Randy Levine doesn’t see much in the way of separation between the Yankees and their greatest rivals, who won 119 games and the 2018 World Series.
The Yankees president doesn’t see any, in fact.
“I think we’re as good as the Red Sox right now,” Levine said Tuesday morning after a Stadium news conference publicizing the Wisconsin-Miami Pinstripe Bowl. “I think they had a better postseason than us. We had a lot of injuries and [I’ve] said that division series could have gone either way with a couple of innings.”
The Red Sox went a franchise-record 108-54 before beating the Yankees in four games in the ALDS. The Yankees, after a 6-2 victory in Game 2 evened the series, lost Game 3, 16-1. Then their ninth-inning rally, in which Gary Sanchez just missed what would have been a walk-off grand slam, came up short in a 4-3 loss in Game 4. The Yankees did go 9-10 against Boston during the regular season.
“They have a great team and they’re going to be a really great team for a long time,” Levine said. “But I think we’re as good as they are.”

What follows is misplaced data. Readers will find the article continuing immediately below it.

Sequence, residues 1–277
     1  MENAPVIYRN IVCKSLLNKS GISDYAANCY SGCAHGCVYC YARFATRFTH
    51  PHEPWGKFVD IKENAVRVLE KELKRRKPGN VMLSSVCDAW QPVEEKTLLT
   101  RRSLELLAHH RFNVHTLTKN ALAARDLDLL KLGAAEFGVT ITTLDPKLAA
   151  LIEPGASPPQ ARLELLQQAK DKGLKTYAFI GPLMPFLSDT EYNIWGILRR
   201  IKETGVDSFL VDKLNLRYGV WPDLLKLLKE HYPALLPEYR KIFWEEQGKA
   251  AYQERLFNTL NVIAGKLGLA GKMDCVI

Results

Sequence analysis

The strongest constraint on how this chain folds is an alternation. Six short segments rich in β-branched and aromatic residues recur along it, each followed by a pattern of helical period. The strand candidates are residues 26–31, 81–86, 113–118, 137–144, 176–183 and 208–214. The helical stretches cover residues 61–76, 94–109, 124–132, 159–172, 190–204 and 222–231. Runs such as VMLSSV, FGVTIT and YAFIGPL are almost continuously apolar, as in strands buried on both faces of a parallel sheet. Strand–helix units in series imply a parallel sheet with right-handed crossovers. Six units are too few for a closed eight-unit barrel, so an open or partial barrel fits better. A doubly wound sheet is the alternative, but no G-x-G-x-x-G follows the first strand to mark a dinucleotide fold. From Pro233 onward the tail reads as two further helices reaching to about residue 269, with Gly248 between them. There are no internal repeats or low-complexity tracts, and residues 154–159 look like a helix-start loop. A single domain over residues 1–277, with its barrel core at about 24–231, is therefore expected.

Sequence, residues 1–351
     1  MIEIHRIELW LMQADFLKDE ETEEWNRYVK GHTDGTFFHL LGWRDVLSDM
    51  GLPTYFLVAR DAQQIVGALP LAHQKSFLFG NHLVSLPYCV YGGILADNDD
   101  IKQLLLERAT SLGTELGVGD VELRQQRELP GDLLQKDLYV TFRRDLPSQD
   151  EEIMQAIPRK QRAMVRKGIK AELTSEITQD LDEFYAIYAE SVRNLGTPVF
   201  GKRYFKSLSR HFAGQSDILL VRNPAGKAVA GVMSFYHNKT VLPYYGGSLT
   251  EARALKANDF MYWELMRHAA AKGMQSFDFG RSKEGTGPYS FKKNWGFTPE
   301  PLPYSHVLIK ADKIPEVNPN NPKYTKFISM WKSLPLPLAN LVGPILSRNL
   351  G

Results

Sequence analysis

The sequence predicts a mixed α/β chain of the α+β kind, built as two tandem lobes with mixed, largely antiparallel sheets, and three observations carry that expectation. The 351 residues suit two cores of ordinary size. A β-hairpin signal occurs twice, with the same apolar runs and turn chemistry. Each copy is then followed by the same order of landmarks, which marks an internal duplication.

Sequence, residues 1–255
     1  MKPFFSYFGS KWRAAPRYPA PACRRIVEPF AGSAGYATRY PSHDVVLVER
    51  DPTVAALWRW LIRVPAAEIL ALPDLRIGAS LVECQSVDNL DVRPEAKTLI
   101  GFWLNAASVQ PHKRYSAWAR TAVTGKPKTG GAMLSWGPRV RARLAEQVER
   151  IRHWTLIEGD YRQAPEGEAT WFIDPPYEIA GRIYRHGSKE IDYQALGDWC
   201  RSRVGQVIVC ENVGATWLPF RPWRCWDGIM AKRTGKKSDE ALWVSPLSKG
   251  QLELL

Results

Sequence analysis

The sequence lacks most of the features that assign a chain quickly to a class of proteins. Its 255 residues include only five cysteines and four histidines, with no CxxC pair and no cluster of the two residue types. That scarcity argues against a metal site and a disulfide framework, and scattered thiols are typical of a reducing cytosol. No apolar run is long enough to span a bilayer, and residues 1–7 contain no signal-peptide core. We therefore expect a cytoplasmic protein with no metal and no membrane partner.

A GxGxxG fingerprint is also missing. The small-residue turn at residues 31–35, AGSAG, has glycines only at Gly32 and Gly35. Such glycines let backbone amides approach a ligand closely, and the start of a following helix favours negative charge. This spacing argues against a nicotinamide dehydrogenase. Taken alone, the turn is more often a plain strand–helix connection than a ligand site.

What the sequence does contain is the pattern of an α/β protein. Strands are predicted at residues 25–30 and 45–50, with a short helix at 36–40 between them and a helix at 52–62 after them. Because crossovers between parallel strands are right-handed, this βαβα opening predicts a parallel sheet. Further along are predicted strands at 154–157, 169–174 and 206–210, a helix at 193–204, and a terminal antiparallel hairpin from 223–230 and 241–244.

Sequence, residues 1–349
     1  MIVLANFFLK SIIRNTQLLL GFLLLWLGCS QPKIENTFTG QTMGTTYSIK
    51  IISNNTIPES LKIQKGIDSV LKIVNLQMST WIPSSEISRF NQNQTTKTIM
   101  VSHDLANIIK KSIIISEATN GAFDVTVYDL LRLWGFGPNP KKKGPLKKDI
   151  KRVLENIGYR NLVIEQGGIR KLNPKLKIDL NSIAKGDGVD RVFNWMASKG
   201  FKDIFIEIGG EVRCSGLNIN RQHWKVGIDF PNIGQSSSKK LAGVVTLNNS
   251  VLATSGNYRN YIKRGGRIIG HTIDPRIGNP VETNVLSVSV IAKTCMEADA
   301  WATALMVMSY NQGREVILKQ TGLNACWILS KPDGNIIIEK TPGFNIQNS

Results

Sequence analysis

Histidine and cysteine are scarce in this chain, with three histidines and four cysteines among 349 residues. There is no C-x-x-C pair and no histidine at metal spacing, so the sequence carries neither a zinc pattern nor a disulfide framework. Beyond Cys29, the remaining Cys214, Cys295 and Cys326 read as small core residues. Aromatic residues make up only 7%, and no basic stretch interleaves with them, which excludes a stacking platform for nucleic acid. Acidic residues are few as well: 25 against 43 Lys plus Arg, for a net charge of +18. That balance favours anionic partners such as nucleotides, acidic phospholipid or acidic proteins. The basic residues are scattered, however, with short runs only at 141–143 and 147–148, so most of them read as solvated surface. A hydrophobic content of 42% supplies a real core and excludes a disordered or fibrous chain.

Which doesn’t mean the Yankees are done making moves this winter after bringing back Brett Gardner and CC Sabathia and acquiring lefthander James Paxton from the everything-must-go Mariners.
The Yankees are still looking to add at least one and perhaps two more starters. They took a hit later Tuesday when lefthander Patrick Corbin, whom they prioritized signing, reportedly agreed to a six-year, $140-million deal with the Nationals.
The club will pivot, but in which direction is not clear and to what degree financially is also unknown.
The Yankees last season achieved managing general partner Hal Steinbrenner’s long-desired goal of bringing payroll under the luxury-tax threshold, which in 2018 was $197 million. That figure goes to $206 million this season, a number Levine said Steinbrenner would prefer to stay under again to avoid paying the luxury tax, but not in absolute terms.
“I think Hal has spoken many times to say that 200 million dollars is enough for a championship team, but there’s no question the Steinbrenners have demonstrated for many years that they will invest in the team to build a championship team,” Levine said. "There’s no doubt if Cash and his baseball people come to him and say, 'We need this one piece that we feel really great about [making us] a championship team,' Hal will give it great consideration even if it goes over the threshold …
"We’re about winning championships here.”